Passover makes rabbi into kosher cop
The Pinellas rabbi visits various food companies to ensure adherence to the holiday's strict rules.
By Nicole Hutcheson, Times Staff Writer
Published March 26, 2007
BRADENTON - Rabbi Shalom Adler slips a thin net over his short red hair and black yarmulke. Another over his bushy beard. He pops in bright orange earplugs. A pair of bulky protective goggles cover his wire-framed spectacles.
Inspector Rabbi is now in service.
For the past several weeks, Adler, co-director of the Chabad of Pinellas County, has brought his rabbinical knowledge of Jewish dietary law to the Tropicana plant in Bradenton.
Adler, who works for the Organized Kosher certification company, inspects the production of a special run of kosher-for-Passover orange juice.
Year-round, most of Tropicana's products meet kosher standards. But to prepare for the eight-day Passover holiday, which begins April 2, the company takes it kosherization process several steps further, designating two separate assembly lines just for production of the juice.
Tropicana's moves underscore a broader push in the food industry to make more kosher foods available, particularly kosher-for-Passover varieties.
A decade ago there were about 60,000 kosher products available in supermarkets; today it's more than 100,000, reports Lubicom Marketing Consulting, a food industry tracker in Brooklyn, N.Y., that publishes the weekly newsletter Kosher Today.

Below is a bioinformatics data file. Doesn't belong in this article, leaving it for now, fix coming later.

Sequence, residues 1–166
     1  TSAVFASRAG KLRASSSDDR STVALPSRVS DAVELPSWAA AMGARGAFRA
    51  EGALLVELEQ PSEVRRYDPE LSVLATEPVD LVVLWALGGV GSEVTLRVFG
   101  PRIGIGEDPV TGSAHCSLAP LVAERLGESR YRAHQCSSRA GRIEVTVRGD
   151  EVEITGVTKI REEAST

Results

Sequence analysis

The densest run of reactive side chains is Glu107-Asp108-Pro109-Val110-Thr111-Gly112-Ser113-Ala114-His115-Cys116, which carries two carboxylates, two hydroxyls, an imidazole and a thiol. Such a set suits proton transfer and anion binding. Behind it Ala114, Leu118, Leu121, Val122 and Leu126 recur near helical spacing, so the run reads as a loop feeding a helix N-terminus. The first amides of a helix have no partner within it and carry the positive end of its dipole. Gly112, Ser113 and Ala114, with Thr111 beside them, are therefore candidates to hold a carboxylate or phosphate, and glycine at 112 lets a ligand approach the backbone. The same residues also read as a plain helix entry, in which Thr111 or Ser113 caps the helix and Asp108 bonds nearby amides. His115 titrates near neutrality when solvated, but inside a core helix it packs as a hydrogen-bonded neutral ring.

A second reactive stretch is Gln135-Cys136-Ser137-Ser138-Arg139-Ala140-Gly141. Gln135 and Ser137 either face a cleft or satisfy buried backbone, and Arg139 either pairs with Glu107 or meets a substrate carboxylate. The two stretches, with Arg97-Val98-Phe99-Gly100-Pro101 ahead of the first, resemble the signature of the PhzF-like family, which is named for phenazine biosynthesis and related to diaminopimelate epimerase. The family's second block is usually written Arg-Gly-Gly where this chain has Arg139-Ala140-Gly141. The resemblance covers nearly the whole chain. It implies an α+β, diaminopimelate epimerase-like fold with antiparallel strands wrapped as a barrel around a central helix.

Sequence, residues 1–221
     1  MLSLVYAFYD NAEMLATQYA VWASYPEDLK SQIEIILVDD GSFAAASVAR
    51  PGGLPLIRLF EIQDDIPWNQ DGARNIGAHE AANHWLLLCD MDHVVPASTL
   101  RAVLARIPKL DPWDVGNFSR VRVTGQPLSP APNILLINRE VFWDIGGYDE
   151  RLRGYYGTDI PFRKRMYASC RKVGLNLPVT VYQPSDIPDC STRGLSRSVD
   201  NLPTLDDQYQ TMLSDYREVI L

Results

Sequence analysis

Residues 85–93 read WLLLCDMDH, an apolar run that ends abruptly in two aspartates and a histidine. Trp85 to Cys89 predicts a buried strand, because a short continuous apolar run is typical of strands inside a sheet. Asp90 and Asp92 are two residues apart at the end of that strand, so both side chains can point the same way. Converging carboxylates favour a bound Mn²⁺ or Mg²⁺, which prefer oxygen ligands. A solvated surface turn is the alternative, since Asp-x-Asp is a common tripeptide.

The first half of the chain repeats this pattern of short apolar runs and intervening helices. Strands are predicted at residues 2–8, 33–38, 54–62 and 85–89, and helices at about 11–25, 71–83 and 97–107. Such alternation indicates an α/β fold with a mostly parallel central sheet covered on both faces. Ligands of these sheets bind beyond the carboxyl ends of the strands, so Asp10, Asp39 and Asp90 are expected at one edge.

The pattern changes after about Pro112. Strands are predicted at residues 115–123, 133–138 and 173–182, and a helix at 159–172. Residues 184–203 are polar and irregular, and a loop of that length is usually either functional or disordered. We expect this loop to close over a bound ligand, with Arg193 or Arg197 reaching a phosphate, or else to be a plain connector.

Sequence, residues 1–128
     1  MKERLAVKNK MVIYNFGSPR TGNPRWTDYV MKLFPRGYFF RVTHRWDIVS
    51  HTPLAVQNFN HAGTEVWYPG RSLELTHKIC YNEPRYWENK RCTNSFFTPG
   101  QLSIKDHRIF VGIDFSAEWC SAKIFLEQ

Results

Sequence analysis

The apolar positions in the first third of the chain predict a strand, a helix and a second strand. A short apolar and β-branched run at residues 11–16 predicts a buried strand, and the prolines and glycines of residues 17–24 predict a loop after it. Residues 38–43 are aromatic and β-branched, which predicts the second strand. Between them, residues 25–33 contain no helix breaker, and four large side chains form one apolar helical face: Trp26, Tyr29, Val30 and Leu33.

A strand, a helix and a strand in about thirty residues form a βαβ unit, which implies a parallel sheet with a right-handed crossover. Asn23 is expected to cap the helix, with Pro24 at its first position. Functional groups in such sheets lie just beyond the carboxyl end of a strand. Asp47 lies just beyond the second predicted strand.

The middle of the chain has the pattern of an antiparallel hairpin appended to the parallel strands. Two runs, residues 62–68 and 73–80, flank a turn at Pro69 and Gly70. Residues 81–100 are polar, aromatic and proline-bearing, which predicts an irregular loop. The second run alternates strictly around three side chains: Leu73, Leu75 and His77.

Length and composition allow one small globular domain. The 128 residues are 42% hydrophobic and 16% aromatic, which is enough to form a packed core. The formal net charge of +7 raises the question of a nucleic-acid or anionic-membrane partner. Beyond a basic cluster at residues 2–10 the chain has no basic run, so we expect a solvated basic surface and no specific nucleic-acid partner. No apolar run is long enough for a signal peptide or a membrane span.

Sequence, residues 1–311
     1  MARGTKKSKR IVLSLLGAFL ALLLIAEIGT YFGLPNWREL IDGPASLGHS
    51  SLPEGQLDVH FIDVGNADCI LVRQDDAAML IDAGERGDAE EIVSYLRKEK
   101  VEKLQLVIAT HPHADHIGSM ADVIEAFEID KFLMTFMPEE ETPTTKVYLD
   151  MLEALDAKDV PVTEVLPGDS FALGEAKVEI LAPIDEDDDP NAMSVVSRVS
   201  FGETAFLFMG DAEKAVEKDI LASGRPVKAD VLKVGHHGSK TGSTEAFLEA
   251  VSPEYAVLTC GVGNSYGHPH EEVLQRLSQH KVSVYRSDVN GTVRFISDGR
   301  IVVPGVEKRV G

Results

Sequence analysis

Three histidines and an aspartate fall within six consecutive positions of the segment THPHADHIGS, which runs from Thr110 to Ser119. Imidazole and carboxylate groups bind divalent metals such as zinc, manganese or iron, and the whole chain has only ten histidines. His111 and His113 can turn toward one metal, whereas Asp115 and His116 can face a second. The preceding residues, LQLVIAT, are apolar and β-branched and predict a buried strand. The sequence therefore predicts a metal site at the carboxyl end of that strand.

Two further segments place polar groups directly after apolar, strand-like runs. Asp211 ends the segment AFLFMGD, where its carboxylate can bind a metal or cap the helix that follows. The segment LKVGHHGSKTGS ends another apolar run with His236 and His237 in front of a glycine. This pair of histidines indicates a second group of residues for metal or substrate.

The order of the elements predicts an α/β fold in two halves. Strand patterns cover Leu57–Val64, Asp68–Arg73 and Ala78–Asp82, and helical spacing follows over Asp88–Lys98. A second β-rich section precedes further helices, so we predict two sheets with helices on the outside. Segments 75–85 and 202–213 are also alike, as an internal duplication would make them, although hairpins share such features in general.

Industry types attribute the surge in kosher goods to the outgrowth of the Orthodox Jewish community in the United States beyond the traditional base of New York in addition to a more health-conscious non-Jewish consumer base embracing kosher foods for a perceived nutritional benefit.
"There are people who like kosher deli or pickles and Muslims who don't eat pork and might find eating kosher as a convenient way to adhere to their religion," said Menachem Lubinsky, president of Lubicom Marketing. "Kosher has benefited from all of these dynamics coming into play at the same time."
Out of an estimated $250-billion worth of kosher food sales annually, more than 40 percent take place during the Passover season, Lubinsky said.
Food companies and grocers are taking their kosher expansion further and tapping into the Passover market. Doing so means "connecting with potential customers even after Passover," Lubinksy said.
Well-known companies like Coca-Cola and Starbucks are now designating some products as kosher-for-Passover. Coca-Cola, which switches out corn syrup for pure cane sugar in its Classic Coke during Passover, distinguishes the bottles with a distinctive yellow cap, according to the Orthodox Union, another company that certifies the company's products.
Their logo, a circle with the letter "U" inside, can be found on hundreds of products.
It's estimated that 70 percent of Jews in the U.S. partake in some form of Passover observance, surpassing even the holiest of Jewish holidays, Yom Kippur.
Passover commemorates the Israelites exodus from Egypt. The slaves fled so quickly that the breads they were baking didn't have time to rise, according to the Torah. During the Passover period, in honoring ancestors, Jews abstain from eating chametz, or leavened foods made from wheat, and grain products. Matzah, a flat crackerlike bread made from flour and water, is a common replacement. Jews of European descent also eliminate kitniyot, or legumes such as rice, corn, beans and peas, from their diet during Passover.
Jews are not to even come in contact with remnants of these ingredients. So, many households use an entirely different set of dishes and utensils as well.